However, it became obvious that even this drastic action was nothing but a temporary check on their rapacity.
In later times, England exported her Coroner system all over the World: to almost everywhere coloured red in the Victorian atlas.
Where Coroners still survive, they indicate a legacy of British rule, whether it be Kenya, Hong Kong, Australia or parts of the United States.
For it was instigated almost eight hundred years ago, during the reign of Richard the Lionheart.
Though the events of King Richard's short reign were crucial in the genesis of the Coroner, the ground swell of resentment towards Royal officials, which led to their recreation, had been growing for more than twenty years.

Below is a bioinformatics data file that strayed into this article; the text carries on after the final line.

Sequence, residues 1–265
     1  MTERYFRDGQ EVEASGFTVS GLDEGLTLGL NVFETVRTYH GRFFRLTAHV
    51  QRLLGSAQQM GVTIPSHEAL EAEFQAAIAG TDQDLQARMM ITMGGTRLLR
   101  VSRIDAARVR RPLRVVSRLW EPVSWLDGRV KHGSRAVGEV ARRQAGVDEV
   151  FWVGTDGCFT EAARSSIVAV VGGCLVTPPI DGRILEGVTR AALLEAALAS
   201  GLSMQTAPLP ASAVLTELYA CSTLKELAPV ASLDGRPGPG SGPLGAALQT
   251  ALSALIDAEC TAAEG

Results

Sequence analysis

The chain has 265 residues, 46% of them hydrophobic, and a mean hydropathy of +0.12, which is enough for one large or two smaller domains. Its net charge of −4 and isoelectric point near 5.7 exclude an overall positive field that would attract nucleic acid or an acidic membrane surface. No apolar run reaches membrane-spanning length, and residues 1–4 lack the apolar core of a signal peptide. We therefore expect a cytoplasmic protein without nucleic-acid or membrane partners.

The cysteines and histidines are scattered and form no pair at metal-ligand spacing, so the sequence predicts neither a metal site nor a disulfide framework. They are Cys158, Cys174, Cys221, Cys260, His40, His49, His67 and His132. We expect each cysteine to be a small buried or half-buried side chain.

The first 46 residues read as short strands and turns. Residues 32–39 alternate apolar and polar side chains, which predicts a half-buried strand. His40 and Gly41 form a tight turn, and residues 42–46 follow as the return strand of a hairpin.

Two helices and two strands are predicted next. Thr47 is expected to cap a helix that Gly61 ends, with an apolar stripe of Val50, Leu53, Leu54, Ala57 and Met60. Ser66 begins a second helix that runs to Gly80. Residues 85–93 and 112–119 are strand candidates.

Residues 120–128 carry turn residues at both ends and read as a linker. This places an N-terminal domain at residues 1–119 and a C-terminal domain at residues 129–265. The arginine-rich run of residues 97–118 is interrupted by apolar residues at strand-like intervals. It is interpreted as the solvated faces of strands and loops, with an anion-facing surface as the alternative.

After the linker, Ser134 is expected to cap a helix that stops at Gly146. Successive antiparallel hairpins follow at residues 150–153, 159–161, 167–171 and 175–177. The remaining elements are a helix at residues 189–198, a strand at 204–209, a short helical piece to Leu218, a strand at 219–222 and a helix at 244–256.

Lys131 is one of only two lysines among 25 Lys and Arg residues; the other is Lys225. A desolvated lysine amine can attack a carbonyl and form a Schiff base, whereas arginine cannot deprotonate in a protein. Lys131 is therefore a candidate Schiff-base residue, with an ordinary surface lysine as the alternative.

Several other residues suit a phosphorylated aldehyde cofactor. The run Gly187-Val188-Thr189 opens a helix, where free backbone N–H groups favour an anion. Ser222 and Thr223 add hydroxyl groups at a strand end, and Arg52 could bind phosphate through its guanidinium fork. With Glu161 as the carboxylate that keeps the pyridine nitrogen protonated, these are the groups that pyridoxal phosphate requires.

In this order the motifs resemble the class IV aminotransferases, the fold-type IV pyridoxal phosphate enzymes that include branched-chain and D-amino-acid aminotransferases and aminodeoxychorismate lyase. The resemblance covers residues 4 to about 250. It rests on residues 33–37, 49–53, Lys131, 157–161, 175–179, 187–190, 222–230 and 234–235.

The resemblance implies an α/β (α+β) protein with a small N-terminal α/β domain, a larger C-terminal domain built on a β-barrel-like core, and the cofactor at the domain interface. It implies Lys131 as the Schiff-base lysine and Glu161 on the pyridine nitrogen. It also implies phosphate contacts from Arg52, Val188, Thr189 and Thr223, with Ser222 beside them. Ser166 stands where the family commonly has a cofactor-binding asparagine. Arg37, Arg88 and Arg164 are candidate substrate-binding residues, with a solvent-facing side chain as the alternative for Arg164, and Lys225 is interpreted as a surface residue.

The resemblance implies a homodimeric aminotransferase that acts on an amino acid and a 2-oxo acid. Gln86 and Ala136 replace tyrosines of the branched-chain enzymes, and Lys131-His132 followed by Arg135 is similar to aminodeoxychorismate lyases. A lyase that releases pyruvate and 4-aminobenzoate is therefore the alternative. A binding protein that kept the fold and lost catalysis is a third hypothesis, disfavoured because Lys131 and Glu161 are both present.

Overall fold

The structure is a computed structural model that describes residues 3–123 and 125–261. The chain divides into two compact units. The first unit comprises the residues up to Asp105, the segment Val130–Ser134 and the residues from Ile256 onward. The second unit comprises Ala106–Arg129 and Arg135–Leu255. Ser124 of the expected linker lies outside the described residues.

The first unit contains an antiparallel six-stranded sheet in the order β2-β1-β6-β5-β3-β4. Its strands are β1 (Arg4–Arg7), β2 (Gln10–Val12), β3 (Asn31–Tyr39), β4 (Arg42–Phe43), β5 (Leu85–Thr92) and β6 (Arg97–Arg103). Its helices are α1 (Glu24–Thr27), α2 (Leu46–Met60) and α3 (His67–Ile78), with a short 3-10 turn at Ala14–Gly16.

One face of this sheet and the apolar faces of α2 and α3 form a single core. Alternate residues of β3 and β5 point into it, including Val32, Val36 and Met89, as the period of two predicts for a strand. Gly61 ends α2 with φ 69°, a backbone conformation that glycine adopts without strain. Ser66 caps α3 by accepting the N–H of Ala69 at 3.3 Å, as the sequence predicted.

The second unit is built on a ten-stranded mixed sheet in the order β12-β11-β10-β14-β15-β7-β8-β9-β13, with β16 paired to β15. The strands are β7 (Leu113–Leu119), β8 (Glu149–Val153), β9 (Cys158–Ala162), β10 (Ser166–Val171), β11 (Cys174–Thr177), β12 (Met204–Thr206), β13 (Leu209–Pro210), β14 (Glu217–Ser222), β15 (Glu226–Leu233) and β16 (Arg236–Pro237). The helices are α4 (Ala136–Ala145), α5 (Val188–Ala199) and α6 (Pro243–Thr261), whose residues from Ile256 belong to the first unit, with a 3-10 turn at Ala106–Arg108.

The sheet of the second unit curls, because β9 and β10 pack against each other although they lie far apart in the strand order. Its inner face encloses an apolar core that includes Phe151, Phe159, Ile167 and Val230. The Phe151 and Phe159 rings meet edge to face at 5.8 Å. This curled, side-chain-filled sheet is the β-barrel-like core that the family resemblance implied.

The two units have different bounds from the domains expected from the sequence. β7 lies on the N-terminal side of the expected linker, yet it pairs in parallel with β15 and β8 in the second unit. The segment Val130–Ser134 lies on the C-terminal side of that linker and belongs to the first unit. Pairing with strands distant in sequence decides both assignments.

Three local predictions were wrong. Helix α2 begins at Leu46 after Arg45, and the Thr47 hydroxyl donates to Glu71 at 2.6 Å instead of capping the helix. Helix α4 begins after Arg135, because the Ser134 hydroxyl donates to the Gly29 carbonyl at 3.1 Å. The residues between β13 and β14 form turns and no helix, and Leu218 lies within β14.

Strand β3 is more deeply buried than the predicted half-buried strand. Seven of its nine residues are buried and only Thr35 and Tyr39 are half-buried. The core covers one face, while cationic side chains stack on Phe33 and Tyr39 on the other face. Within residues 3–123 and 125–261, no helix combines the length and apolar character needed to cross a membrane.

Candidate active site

The office of Coroner is a uniquely English institution, though perhaps 'Norman' might be more accurate in the sense in which we know it today. They remained independent of England for a long time and their system of law is more akin to that found on the Continent.
During the last decade of Henry II's reign, considerable discontent developed over the corruption and greed of the Sheriffs, who were the dominant law officers representing the Crown in each county.
In 1170, after an 'Inquisition of the Realm', which was the medieval equivalent of a modern Royal Commission, all the Sheriffs were sacked and many of them heavily fined for malpractice.
Before this, the Welsh had their own system of law dating from about the 9th century.
Ireland also acquired them, since Norman administration had been imposed there from 1170.
The first mention of the Coroner is actually pre-Norman, probably dating from the reign of Alfred the Great: certainly sometime between AD 871 and 910.
However, we have no records of that period and we do not know what the Coroners' functions were at that time.